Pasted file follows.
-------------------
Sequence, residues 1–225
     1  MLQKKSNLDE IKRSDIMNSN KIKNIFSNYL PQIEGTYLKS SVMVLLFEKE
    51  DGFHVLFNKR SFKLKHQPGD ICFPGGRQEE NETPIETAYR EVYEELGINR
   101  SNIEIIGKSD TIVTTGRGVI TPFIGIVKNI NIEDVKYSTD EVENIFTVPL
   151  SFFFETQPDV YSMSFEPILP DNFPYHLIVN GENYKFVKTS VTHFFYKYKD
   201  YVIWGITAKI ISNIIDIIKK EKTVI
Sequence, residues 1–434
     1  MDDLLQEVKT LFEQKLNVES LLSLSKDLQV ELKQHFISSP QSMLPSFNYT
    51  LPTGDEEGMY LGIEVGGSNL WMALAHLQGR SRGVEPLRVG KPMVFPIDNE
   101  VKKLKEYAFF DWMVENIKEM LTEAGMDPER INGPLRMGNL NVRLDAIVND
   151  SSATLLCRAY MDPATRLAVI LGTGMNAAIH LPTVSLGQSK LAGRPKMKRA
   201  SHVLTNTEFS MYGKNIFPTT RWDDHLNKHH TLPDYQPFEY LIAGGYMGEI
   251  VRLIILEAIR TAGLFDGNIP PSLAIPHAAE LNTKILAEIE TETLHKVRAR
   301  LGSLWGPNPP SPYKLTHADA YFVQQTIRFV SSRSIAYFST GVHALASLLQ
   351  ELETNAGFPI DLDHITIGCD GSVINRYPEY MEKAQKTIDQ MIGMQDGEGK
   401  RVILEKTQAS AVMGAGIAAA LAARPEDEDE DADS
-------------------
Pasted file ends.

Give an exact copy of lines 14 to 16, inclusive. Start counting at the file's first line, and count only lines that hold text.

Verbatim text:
   301  LGSLWGPNPP SPYKLTHADA YFVQQTIRFV SSRSIAYFST GVHALASLLQ
   351  ELETNAGFPI DLDHITIGCD GSVINRYPEY MEKAQKTIDQ MIGMQDGEGK
   401  RVILEKTQAS AVMGAGIAAA LAARPEDEDE DADS